Global Warming Alarmist Steve Zwick's 'Science' Is More Troubling Than His Vitriol
Scientists and public policy analysts were justifiably appalled by Steve Zwick writing in his Forbes.com column last week that firemen should let houses burn down if they are owned or occupied by global warming “denialists.” Lost in Zwick’s over-the-top rhetoric, however, has been his even more troubling assertion of what constitutes sound science.
Before we get to the science, however, let’s clarify one point about the rhetoric.
For all the crying by global warming alarmists about the lack of civility in the global warming debate, almost all of the over-the-top vitriol among spokespersons for each point of view emanates from the alarmist crowd. Zwick’s call for skeptics’ houses to burn down is actually mild compared to other prominent alarmists calling for the murder, imprisonment, and execution of skeptics. These violent and hateful statements are made by alarmists on a fairly regular basis, yet the predominantly left-leaning media ignores it. By contrast, when serial name-caller Michael Mann cries “woe is me” because people actually follow the Scientific Method and criticize his methods or theories, the media goes on a tear-jerking bender of stories about scientists being under attack. Oh, please…..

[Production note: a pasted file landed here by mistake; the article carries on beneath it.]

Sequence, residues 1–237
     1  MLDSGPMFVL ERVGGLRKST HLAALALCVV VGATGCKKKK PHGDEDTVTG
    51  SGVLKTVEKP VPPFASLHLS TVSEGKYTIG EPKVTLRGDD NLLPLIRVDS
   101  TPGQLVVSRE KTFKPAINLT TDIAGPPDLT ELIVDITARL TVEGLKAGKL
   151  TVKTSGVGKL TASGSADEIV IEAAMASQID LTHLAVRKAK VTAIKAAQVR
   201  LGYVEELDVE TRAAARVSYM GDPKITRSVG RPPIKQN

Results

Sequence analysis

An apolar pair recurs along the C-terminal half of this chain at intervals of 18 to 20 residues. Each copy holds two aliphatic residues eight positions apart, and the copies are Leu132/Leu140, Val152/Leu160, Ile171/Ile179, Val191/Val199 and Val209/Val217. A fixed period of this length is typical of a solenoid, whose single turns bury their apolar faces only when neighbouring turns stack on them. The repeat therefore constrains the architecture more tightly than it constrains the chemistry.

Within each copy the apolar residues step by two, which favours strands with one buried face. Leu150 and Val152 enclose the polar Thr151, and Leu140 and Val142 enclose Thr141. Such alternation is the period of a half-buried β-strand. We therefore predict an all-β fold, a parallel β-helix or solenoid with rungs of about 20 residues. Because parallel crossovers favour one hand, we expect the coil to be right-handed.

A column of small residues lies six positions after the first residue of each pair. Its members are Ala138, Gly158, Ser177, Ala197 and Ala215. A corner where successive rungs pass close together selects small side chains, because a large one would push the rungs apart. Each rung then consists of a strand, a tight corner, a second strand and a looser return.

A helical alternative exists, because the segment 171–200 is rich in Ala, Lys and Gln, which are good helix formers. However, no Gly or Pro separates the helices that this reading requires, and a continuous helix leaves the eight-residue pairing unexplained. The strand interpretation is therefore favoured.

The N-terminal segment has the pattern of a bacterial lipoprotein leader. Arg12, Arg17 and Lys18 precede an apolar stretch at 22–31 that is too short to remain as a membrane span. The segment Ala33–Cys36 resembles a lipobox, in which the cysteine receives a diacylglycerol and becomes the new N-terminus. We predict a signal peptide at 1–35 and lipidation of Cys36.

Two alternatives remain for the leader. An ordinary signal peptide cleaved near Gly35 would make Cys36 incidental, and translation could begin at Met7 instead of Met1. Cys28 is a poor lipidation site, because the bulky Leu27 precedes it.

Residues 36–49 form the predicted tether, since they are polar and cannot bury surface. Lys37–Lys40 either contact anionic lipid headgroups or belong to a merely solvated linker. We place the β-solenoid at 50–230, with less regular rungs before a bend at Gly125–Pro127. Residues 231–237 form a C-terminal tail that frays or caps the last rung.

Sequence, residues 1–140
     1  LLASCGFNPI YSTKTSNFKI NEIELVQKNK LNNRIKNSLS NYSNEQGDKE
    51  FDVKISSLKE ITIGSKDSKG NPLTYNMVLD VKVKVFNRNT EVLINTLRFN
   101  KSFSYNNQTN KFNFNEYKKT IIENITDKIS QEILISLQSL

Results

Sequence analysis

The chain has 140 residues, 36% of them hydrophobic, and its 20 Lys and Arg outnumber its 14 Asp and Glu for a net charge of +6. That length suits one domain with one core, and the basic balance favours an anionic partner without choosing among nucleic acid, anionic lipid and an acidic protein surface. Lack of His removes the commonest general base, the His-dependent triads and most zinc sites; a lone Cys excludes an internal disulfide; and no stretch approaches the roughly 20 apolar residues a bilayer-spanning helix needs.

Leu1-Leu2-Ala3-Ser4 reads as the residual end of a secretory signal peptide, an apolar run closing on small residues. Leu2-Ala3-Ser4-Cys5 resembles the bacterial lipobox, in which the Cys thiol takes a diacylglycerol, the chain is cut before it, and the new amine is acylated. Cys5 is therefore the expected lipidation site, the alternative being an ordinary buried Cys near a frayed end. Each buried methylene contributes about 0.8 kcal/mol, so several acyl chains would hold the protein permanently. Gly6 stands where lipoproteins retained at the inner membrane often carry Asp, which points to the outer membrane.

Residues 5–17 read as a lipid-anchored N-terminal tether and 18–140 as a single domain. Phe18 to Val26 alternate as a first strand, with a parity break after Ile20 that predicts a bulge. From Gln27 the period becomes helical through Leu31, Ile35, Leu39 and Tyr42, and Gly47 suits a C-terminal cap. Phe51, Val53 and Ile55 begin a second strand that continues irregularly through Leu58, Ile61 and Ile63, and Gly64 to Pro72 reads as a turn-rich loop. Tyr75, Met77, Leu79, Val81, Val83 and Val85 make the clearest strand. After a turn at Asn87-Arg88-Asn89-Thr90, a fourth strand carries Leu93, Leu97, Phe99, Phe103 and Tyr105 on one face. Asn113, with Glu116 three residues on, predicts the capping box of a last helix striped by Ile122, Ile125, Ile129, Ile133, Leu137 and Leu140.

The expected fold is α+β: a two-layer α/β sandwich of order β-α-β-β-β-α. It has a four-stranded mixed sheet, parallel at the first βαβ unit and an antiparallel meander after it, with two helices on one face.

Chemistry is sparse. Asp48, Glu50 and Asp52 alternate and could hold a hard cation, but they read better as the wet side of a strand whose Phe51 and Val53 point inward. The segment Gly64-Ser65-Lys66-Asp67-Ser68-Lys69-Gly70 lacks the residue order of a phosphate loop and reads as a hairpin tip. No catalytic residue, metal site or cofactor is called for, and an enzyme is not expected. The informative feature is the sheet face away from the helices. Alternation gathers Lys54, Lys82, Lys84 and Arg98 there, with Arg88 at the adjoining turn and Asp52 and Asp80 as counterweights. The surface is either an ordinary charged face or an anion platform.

Now, on to Zwick’s science.
When you dig beneath the vitriolic rhetoric of Zwick’s column, he makes the following scientific argument: “A recent poll by Yale and George Mason Universities shows that most Americans are at or near that point on climate change, with 72% of us seeing a link between extreme weather and our own actions. It’s a link that climate models have long predicted, and with the benefit of hindsight we see that even the earliest models have proven accurate over time.”
Let’s take a closer look at the survey Zwick cites.
The Yale Project on Climate Communication and the George Mason University Center for Climate Change Communication have released a joint survey about Americans’ impressions of recent extreme weather events. Much like the phenomenon where millions of people claim and apparently believe they were actually at the 1969 Woodstock music festival, a ridiculously high percentage of people claim in the Yale/George Mason survey to have personally experienced severe weather events like hurricanes and tornadoes during the past year.
Twenty-one percent of survey respondents say they personally experienced a tornado last year. This is astonishing. Unless the survey was conducted almost exclusively in Joplin, Missouri, or Tuscaloosa, Alabama, I am guessing the Woodstock effect is occurring here.